The New York Times recently profiled book editor Judith Gurewich. In addition to being the publisher of Other Press, Gurewich is a Lacanian analyst. Perhaps because she was trained in an aural tradition—listening to patients, asking questions—Gurewich employs a unique method for editing books: she has authors read their manuscripts aloud.
“When my stomach intervenes, I stop the reading,” Gurewich says.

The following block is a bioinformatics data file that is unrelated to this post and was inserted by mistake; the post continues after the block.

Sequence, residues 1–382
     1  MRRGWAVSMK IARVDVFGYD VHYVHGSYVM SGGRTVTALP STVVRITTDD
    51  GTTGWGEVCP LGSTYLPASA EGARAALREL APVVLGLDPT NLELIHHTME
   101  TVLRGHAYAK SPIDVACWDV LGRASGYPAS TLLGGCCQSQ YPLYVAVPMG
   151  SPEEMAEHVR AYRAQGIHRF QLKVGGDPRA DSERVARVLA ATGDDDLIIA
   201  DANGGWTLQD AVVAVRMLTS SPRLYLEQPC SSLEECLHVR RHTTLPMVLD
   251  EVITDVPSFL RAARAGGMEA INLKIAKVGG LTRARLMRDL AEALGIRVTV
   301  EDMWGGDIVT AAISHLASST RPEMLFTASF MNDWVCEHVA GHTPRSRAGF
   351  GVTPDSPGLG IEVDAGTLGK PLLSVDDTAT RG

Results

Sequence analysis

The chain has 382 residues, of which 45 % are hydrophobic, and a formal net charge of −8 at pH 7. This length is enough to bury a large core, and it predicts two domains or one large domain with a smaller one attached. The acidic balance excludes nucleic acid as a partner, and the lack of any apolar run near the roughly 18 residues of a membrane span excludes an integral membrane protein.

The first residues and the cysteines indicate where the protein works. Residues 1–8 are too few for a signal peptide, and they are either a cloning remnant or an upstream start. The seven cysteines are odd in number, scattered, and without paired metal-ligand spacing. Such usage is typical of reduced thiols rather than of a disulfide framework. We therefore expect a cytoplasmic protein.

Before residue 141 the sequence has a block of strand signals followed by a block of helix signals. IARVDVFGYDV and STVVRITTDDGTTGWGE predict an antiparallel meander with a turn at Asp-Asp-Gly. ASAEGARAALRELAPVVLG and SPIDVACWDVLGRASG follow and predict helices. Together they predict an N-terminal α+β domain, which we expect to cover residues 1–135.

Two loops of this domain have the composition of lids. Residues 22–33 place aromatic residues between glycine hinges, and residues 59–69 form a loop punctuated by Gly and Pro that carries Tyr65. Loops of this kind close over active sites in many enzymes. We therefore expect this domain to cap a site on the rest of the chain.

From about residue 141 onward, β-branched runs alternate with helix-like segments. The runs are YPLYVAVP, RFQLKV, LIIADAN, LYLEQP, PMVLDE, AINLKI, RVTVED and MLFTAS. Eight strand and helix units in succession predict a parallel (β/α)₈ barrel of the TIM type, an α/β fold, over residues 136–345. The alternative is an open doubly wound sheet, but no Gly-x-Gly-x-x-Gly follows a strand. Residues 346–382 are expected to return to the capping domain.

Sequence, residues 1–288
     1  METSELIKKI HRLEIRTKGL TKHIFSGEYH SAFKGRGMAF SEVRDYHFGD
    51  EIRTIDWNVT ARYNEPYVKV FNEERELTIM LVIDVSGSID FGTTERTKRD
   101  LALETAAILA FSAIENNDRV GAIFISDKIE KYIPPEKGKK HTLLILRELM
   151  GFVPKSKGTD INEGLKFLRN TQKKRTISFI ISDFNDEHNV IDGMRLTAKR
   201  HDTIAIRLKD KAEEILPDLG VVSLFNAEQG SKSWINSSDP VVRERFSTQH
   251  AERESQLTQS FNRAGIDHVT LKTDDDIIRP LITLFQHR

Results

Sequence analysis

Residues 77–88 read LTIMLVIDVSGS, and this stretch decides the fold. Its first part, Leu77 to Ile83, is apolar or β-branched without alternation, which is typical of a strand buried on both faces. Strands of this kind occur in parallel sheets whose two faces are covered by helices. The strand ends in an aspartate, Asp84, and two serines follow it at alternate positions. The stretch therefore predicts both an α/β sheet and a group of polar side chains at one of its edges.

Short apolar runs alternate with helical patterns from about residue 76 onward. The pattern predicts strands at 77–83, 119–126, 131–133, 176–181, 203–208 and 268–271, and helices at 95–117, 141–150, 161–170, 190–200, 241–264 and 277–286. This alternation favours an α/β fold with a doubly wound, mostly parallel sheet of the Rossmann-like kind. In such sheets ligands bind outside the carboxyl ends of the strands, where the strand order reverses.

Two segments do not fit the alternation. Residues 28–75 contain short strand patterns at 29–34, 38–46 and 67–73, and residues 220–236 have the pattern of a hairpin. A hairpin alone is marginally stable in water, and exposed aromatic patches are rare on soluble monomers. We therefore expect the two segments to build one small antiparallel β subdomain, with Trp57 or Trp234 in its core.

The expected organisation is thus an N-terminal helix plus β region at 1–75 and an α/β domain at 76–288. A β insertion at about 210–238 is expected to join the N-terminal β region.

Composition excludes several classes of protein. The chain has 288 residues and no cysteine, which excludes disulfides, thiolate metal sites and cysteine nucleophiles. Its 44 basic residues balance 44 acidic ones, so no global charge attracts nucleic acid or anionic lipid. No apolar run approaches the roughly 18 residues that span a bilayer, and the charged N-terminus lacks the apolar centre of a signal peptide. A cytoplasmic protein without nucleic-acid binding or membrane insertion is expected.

Not her ear, her stomach.
A skill I’ve developed is how to trust my gut when editing. My mentor advised me to drop into the manuscript with my whole self—not just my head, but my heart and stomach, too. I found it difficult as I didn’t want to “give myself over” to the manuscript—I wanted to remain in control, in my head. But when I got out of the way, my editing became stronger and more direct.
When your work feels truest to you and your intention, are you writing with your head or your gut? Do you write with your gut and edit with your head, or vice versa?